My thanks go to Guido for allowing me to share my own history of Python!
I'll save my introduction to Python for another post, but the end result was its introduction into a startup that I co-founded in 1991 with several people. We were working on a large client/server system to handle Business-to-Consumer electronic shopping. Custom TCP protocols operating over the old X.25 network, and all that. Old school.
In 1995, we realized, contrary to our earlier beliefs, that more consumers actually were on the Internet, and that we needed a system for our customers (the vendors) to reach Internet-based consumers. I was tasked to figure out our approach, and selected Python as my prototyping tool.
Our first problem was moving to an entirely browser-based solution. Our custom client was no longer viable, so we needed a new shopping experience for the consumer, and server infrastructure to support that. At that time, talking to a web browser meant writing CGI scripts for the Apache and Netscape HTTP servers. Using CGI, I connected to our existing server backend to process orders, maintain the shopping basket, and to fetch product information. These CGI scripts produced plain, vanilla HTML (no AJAX in 1995!).
This approach was less-than-ideal since each request took time to spin up a new CGI process. The responsiveness was very poor. Then, in December 1995, while attending the Python Workshop in Washington, DC, I was introduced to some Apache and Netscape modules (from Digital Creations, who are best known for Zope) which ran persistently within the server process. These modules used an RPC system called ILU to communicate with backend, long-running processes. With this system in place, the CGI forking overhead disappeared and the shopping experience was now quite enjoyable! We started to turn the prototype into real code. The further we went with it, the better it looked and more people jumped onto the project. Development moved very fast over the next few months (thanks Python!).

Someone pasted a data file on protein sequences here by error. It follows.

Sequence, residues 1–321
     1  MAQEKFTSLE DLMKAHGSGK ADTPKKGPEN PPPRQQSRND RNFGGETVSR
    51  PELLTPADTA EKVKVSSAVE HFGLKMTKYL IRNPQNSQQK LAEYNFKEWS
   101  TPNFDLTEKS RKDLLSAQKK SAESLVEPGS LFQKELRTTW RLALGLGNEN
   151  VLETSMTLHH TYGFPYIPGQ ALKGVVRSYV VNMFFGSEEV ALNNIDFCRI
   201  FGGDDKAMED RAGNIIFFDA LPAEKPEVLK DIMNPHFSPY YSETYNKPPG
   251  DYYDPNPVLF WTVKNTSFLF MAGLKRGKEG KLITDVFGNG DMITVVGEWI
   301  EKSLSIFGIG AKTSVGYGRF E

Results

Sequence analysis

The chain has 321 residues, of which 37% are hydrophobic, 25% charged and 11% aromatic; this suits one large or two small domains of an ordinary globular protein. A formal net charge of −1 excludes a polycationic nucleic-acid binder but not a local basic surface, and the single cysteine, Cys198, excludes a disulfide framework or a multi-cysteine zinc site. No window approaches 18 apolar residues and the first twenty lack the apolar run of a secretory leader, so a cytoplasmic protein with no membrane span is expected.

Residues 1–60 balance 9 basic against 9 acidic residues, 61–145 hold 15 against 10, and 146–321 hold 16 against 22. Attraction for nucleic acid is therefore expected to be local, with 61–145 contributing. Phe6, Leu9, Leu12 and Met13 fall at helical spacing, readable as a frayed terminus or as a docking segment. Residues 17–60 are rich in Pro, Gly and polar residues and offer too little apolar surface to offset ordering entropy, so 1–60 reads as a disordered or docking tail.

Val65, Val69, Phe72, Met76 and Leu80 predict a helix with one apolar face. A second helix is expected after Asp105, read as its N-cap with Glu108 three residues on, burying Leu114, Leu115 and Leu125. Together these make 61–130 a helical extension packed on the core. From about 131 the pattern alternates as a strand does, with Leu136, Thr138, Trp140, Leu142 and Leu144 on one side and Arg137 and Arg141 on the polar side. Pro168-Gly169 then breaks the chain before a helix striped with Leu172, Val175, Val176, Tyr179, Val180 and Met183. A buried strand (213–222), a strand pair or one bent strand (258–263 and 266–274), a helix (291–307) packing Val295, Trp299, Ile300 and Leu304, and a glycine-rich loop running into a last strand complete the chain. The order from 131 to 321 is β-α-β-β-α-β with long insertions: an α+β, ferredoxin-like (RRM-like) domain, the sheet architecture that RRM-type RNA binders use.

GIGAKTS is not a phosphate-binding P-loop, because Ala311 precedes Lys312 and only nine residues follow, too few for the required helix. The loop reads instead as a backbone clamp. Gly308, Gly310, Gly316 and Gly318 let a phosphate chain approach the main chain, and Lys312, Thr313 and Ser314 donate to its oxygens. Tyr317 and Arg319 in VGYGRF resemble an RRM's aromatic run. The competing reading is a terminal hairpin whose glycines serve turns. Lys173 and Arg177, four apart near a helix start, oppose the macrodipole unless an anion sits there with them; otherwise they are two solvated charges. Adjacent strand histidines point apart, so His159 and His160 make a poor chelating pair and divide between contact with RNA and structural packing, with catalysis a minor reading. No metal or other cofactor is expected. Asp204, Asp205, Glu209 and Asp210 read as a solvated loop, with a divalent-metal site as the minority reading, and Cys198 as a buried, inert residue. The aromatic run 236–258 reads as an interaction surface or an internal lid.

In January 1996, Microsoft knocked on our door. Their internal effort at creating an electronic commerce system was floundering, and they needed people that knew the industry (we'd been doing electronic commerce for several years by that point) and somebody who was nimble. We continued to develop the software during the spring while negotiations occurred, and then the acquisition finalized in June 1996.
Once we arrived at Microsoft with our small pile of Python code, we had to figure out how to ship the product on Windows NT. The team we joined had lots of Windows experience and built an IIS plugin to communicate over named pipes to the backend servers, which were NT Services with our Python server code embedded. With a mad sprint starting in July, we shipped Microsoft Merchant Server 1.0 in October, 1996.
And yes... if you looked under the covers, somewhat hidden, was a Python interpreter, some extension DLLs, and a bunch of .pyc files. Microsoft certainly didn't advertise that fact, but it was there if you knew were to look.